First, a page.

It’s spring, the days are sunny, and there’s the promise of summer holidays being around the corner. As we move out of winter, many of us are also hoping to shake off those few extra kilos that we managed to pick up somewhere between June and now. The temptation to start a strict diet and exercise regime is strong, and magazines are full of new diet plans to get you ready for December, but why not do something different this time around? Make overall wellbeing your goal, and make longer lasting changes to your food intake.
The best way to do this is to start with small changes and get used to them (anything from 2-3 weeks) before making further changes. So here are just a few ways to get going:
- Cook using a non-stick pan, or use lemon juice instead of oil to sauté chicken, and water to steam veggies
- If you eat cheese every day, try swopping to low fat cottage cheese at least 3 times a week. The taste will be different, so add something like mustard for a tangy flavour.
- Cut excess fat off meat – such a simple thing to do!
- Swop to low fat products – it might not seem like it would make a difference, but it all adds up at the end of the day
- Relying on coffee to get you through the day? Try get down to 2 cups. Too much caffeine interferes with your ability to know when you’re hungry or not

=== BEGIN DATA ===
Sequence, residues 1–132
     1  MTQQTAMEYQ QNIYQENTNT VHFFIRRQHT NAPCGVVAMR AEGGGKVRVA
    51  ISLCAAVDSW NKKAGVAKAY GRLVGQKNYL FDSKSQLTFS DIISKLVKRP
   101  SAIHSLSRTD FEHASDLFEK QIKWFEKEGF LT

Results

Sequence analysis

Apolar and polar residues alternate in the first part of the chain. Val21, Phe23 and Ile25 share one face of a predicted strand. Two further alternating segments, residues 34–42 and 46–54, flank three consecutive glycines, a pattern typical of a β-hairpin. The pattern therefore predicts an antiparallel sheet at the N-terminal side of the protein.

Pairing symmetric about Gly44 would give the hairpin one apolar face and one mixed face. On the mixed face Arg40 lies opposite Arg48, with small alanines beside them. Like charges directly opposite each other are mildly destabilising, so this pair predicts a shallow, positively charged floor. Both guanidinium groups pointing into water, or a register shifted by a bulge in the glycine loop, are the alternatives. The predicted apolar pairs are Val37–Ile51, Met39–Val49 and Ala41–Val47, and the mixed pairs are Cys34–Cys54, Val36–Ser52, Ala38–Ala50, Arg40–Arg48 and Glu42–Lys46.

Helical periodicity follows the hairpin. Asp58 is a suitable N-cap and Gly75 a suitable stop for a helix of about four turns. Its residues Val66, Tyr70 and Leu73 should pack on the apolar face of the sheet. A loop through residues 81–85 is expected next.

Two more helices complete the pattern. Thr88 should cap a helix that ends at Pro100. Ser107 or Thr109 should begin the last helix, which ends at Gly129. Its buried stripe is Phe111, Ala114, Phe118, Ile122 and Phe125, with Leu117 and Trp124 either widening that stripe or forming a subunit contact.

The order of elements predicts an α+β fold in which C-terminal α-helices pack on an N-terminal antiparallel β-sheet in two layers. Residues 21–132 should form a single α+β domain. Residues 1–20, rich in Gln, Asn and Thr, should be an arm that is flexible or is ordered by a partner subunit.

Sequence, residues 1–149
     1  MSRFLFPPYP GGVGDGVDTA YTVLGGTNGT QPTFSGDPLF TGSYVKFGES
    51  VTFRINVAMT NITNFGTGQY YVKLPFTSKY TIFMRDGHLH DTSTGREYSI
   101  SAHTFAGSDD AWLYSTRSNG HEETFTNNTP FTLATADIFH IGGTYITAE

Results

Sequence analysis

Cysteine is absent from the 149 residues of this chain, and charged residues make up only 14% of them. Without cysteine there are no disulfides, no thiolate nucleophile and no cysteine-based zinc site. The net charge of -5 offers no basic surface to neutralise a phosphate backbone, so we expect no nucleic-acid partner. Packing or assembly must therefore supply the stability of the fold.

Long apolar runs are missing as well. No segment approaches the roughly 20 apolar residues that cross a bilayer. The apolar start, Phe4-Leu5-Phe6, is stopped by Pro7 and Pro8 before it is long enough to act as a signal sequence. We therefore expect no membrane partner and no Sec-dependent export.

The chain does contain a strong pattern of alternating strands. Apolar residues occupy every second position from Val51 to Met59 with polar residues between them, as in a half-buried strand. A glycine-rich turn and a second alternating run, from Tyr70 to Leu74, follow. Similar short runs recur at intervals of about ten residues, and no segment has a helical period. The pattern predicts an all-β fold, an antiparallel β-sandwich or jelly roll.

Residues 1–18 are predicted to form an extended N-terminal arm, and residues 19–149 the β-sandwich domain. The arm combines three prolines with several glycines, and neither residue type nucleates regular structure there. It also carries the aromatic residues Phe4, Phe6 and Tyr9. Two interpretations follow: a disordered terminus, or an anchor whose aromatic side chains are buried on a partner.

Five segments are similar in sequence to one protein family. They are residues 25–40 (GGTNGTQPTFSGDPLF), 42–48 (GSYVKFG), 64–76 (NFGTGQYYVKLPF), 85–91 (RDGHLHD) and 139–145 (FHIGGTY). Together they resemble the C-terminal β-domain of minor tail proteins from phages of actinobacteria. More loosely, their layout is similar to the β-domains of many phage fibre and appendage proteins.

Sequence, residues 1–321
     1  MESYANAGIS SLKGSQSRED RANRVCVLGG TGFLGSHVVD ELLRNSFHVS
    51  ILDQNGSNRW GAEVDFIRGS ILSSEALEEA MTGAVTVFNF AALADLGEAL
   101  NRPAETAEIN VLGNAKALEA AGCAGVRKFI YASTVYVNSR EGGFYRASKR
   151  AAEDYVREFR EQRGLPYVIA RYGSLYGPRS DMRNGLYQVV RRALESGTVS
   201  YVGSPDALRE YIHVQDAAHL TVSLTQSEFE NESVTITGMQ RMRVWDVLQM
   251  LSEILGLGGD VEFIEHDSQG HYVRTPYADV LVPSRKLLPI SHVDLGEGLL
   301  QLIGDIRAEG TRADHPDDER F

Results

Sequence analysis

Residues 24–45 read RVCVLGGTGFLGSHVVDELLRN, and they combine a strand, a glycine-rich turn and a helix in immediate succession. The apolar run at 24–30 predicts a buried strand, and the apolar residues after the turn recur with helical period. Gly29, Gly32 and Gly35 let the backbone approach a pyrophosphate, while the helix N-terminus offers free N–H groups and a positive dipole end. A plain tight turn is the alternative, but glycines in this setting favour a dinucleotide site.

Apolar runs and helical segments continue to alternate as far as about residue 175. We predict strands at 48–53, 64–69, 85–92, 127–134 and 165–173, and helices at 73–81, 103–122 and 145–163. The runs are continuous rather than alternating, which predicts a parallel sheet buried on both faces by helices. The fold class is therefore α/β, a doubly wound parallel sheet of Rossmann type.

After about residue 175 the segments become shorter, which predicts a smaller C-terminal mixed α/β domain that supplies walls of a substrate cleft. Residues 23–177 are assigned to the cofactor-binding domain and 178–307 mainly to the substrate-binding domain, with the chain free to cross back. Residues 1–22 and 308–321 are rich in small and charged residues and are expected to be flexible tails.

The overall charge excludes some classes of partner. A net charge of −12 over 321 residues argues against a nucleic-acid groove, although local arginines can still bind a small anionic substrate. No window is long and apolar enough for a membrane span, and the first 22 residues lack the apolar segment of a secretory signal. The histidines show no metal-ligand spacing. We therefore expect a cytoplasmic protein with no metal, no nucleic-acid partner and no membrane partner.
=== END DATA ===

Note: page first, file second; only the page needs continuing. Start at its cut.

- If you have 3 teaspoons of sugar in your coffee and you have more than one coffee a day, that’s a whole lot of sugar! Try to go down by 1 teaspoon a week. After a month go back to how many you had and you’ll see it’ll taste way too sweet!
- We’re blessed to live in a country where, in most places, the tap water is safe to drink. Drinking enough water is important so keep filling those water bottles.
- If you eat white bread, swop to brown. If you’re already on brown, make the change to low GI bread or brown seed loaf
- Don’t skip meals. By doing that you’re simply slowing down your metabolism
- Keep an eye on portion size to help regulate your kilojoule intake. In winter months we tend to dish larger portions of comfort foods. Dish slightly smaller portions…enough to keep your energy levels going, but not so much that you feel tired or bloated after eating
- If you have to take meals to work, plan something in advance or take leftovers. Less chance of having to rely on high-fat or high-sugar on-the-go foods
- Only eat when you are physically hungry
- Exercise exercise exercise. You can eat as healthily as you want but without exercise it just won’t last
Think of it as building a puzzle. By gradually making all the small pieces fit together, you end up with a bigger picture. In the same way, if you make small manageable changes with your food, the end result (wellbeing at a weight that’s right for you) will happen naturally.